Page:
Airbrushes are amazing tools. There is zero reason to dismiss it at all as “accursed”. I can paint fine without it, but if I had to choose between 15min to get some nice transitions or 3 hours… easy choice.

        • Dain Q. Gore

          I was going for a tad bit of sarcasm, and apparently failed here. My greater point was intended to highlight how tutorials are completely dismissed when someone ideologically disagrees with any step in the process. Oh well! I will edit it with quotes for clarity.

          • OldHat

            You are just TOO good at sarcasm. 😀

    • OldHat

      By now, if you see “Kenny Boucher” and you should simply know its an airbrush tutorial. Plus, its 2016 man, get an airbrush. A cheap knockoff HP-CS dubbed the “Neo for Iwata” is available at Hobby Lobby for practically nothing. If you have more than 10 dudes to paint, it is worth it, especially for all the amazing options it gives.

  • Isaac Gutierrez

    I consider painting with air brush to obtain this shading effects as cheating… IMHO. There are great painters that use air brush in a great way, but something that looks like this piece… it does´t look real, or even cool, and I wished less people used air brushes like this.

    • LunaWolf

      Agreed. Airbrushes are wonderfully useful tools. I can’t believe I ever trying to basecoat large vehicles with a brush.

      That said, airbrush from start to finish on a small model just…doesn’t ever turn out looking “right” IMHO.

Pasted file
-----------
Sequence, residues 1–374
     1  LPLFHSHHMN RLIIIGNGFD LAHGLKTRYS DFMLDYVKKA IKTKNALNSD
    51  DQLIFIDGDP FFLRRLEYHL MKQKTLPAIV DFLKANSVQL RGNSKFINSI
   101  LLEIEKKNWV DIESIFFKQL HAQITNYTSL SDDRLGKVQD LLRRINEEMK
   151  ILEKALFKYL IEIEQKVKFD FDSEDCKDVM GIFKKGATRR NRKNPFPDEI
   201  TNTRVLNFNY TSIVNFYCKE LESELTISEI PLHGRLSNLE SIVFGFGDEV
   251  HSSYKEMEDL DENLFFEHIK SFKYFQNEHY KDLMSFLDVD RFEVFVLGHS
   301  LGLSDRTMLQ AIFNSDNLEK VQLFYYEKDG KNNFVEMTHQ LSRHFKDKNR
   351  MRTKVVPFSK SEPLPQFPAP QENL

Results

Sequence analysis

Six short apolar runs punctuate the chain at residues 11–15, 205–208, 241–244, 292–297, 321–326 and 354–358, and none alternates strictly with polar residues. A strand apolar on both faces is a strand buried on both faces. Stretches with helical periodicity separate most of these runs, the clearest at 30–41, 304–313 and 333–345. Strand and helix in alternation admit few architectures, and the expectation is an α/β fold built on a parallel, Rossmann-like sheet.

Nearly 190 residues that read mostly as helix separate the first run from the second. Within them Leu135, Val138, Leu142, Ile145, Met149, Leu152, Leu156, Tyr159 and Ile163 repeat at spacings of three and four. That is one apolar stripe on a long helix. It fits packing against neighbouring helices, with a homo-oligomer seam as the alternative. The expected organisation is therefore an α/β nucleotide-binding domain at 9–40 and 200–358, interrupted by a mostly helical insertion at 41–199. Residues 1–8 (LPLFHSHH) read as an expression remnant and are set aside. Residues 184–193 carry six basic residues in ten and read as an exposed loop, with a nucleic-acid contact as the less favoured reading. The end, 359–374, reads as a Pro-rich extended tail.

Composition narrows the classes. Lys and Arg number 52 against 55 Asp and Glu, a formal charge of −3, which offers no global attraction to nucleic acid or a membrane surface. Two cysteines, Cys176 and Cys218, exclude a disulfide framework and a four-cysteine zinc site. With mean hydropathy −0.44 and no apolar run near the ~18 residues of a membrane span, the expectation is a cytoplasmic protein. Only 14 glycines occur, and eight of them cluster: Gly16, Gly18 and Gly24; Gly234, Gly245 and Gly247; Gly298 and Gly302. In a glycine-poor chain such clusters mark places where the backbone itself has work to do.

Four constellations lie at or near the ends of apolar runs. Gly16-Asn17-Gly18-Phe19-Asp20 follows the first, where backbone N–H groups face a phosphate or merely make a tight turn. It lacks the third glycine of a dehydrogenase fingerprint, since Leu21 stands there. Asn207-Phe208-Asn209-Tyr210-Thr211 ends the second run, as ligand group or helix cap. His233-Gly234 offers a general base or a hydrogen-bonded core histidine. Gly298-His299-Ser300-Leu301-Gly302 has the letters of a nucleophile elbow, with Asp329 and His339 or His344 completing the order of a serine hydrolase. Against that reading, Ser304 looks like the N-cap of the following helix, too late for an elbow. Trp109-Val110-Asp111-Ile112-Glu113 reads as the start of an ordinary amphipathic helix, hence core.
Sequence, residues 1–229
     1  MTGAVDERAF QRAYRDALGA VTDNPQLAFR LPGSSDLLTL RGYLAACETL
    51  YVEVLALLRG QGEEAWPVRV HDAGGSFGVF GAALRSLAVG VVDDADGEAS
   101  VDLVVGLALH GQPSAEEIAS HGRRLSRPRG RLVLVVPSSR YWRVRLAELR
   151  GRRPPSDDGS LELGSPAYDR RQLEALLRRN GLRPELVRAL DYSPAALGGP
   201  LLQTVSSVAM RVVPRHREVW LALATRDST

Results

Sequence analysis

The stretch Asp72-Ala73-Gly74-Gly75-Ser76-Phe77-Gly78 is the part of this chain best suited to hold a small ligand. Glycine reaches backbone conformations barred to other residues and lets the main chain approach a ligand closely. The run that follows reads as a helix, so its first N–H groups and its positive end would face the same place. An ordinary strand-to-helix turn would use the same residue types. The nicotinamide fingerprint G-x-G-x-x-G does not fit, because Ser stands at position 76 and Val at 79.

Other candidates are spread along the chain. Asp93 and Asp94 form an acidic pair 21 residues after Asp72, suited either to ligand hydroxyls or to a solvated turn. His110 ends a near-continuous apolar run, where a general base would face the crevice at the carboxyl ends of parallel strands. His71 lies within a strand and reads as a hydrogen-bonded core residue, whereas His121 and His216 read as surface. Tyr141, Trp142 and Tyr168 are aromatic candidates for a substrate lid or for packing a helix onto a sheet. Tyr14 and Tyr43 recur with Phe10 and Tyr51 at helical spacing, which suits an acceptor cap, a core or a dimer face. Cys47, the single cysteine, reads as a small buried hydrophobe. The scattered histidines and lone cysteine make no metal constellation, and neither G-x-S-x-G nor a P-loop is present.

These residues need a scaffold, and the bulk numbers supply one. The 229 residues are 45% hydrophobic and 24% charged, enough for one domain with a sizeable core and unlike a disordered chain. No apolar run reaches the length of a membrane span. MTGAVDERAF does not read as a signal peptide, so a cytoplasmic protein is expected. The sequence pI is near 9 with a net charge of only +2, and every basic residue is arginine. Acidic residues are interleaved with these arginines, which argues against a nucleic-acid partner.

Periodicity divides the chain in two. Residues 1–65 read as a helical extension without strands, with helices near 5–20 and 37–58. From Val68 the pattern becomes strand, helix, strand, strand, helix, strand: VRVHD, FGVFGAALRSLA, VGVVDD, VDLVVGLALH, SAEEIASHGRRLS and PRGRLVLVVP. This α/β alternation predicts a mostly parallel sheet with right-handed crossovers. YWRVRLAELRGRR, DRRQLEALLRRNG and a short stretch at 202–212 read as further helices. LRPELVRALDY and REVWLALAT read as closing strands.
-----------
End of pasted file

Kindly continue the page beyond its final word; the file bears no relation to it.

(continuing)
• Zack Seiders

        Air brush is better of with larger models that have flat edges “rhinos, preadators, land raiders and nearly every imperial knight”

      • Jonathan B.

        As can be seen in this tutorial. The end product looks… wrong.

    • manouel35

      pfffff stop whining because you don’t know how to use an airbrush … or because it’s expensive
      An air is very useful tool and the models are far far away more realistic with your little brushes…

    • CMAngelos

      There’s no such thing as “cheating” when it comes to painting. Sure this may be the easy way out, but cheating is the wrong word for it.

      • Dain Q. Gore

        Indeed, I have had this endless discussion teaching art. What it comes down to is that art is not exactly a teachable thing, only the use of art tools and techniques, and that not everything is art, but everything can be art materials.

    • I wouldn’t call it cheating. That said, I’m not a fan of the airbrushed look. To each his own, of course, but it’s not my thing.

    • OldHat

      There is no such thing as cheating at painting. It takes as much time and effort to learn solid airbrushing work as it does a lot of brush work. Don’t hate just because a competent painter can make it look easy. 😛 Not that I am saying Kenny’s style (or many other studios, for that matter) looks right, but with some self-control, airbrushing can really set a piece apart.

  • Moik
  • BonesoftheDesert

    Anyone who thinks Airbrushing is cheating doesn’t get it. Switch off your flamers, I’m absolutely content spending 45 minutes carefully painting and detailing a miniature/vehicle/etc with a brush.

    That said, I’ve been to a special ‘university’ at a local Con where real pros spent half a day tutoring us on techniques (and let us actively perform the techniques with an airbrush).

    I’m not defending the author, but anyone who calls this cheating doesn’t get it or is too d*** stupid to learn how to use an airbrush.

    One last bit…take a 3 rhinos, fully assembled. Use a spray can on one, brush on the second one and airbrush on the third.

    If you can’t tell the difference, get an eye exam.

    • Well, about those 3 rhinos, the brush one woulld always look worse than the two others. Pretty sure.

  • ChubToad

    I know that someday I’ll get as good as he is, but until then I’ll still be ruining my models practicing…

  • lantern G

    i appreciate they are useful but airbrushing just ain’t as satisfying an outcome when blending. Wet pallets are so much fun.